Mostly proves that Serling (or at least the pseudo-apes mouthing his words there) didn't know a damn thing about actual non-human primates. Many (probably all) species of them will sometimes kill for mating opportunities (lust) and food (greed), and the more social ones display pack behavior that looks an awful lot like killing for sport. I'm not even sure the incidence of that kind of behavior is lower per capita than for homo saps - there are an awful lot more of us than all the rest put together these days, so it's really easy to find examples than it would be with other species' much smaller populations.

As one of my old biology teachers used to say, opposable thumbs and rotten behavior seem to go hand in hand.

Trey said...

I don't know. You're assuming Serling agrees with the sentiment written in the ape holy text in a film that has already shown us the corruption and conspiracy to hide the truth among ape religious and governmental officials.

Dick McGee said...

He still wrote what the apes are saying, whether he believed it himself or not. It's more amusing to think he's making a point about them being even more corrupt and hypocritical than they're already portrayed as, though - but I've certainly run into folks who think our real-world evolutionary cousins are saints, in a sort of weird twist on the "noble savage" myth. They aren't, of course. Primates are too often terrible to each other, whether they wear clothes or not. :)

On a more on-topic note, I think I'll adopt this old homebrew item if I ever run a set of intolerant elves based off your idea:

Seems like the kind of thing Neuth elves would get a real kick out of. Making up a list of unpleasant slurs and insults aimed at neighboring species in advance would be a good plan. maybe even record a loop of it on one's phone to play when the armor triggers. :)

Anne said...

Dr Zaius very well might believe in the special fallen-ness of humans. The various policies of hunting them down on horseback, castrating the men, lobotomizing anyone who might re-invent language, etc all suggest that the ape government takes those commandments seriously, whether anyone "believes" the text or not.

On the other hand, even leaving aside their treatment of the surviving humans, we can see that ape society is internally racist, that their government has minority rule by orangutans, that it's a theocracy, and that members of the government have the power to meddle in the operation of virtually any organization under their rule.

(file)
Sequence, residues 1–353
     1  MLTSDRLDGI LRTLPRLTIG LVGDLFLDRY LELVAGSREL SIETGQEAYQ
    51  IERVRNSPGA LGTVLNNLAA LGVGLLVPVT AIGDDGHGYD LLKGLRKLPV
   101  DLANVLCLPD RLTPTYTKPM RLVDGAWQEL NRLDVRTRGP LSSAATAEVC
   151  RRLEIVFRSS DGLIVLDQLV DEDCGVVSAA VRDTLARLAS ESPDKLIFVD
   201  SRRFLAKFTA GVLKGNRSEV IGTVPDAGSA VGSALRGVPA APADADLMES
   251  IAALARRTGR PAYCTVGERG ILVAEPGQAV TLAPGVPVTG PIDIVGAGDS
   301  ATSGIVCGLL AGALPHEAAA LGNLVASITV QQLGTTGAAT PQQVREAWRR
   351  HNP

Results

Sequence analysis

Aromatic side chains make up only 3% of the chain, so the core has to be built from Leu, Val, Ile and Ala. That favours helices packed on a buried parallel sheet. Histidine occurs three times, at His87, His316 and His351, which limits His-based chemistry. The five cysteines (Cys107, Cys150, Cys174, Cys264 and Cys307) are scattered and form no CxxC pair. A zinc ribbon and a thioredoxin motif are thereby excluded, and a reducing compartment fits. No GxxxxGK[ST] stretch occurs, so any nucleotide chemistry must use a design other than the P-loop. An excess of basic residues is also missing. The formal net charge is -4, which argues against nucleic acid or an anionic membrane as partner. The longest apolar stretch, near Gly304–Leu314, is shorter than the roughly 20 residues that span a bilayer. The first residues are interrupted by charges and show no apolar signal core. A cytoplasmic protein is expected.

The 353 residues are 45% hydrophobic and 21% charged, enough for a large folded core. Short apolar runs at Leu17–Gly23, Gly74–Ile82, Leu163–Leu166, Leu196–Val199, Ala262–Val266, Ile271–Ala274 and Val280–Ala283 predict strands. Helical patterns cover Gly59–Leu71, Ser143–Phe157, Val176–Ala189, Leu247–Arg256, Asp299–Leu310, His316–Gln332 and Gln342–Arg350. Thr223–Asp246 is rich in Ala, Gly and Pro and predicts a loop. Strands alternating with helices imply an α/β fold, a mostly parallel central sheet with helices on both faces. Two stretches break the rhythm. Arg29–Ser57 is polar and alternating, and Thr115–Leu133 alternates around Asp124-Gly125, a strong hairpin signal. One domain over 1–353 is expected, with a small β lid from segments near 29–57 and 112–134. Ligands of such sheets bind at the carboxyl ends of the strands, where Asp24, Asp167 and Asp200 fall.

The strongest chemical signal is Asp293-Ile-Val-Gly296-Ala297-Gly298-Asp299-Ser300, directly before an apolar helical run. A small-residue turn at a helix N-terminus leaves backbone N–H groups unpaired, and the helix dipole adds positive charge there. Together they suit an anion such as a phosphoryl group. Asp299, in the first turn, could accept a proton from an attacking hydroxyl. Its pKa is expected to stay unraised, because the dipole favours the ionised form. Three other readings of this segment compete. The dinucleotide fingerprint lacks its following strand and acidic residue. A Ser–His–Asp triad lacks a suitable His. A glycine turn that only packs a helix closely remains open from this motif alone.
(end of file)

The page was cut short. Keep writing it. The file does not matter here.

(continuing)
So Dr Zaius is either deluded enough to believe in the inherent saintliness of apes, despite the obvious flaws in his society, his ruling class, and himself; or of he's cynical enough to parrot the party line (and subjugate another sentient species on its basis) despite not believing it.

Actually the apes' treatment of humans is probably not so dissimilar from the way the elves of Neuth treat them.

Dick McGee said...

@Anne It's been a very long time since I read the book (which wasn't the easiest thing to find in English and I have no idea how accurate the translation was) but from what I recall I'd go with "cynical Doc Z" of the options presented. It would fit the overall satirical tone to have a scientist who's willing to say whatever it takes to keep his grant money coming.

Of course, anyone who hasn't read the book (which is the vast majority of people IME) isn't going to really get any of that. The movies aren't exactly faithful adaptations in either tone or substance.

I suspect the elves of Neuth would *like* to treat humans the way apes treat men, and maybe they do when they think no one's likely to find out, but given their relative military strength compared to their neighbors they sure aren't pulling that sort of thing out in the open. IIRC the canon timeline saw at least one of their big expansionist pushes stomped flat (and Ider Bolis burned) by the Zorn goblins, of all people. Neuth is not home to a master race, no matter what the inhabitants think of themselves.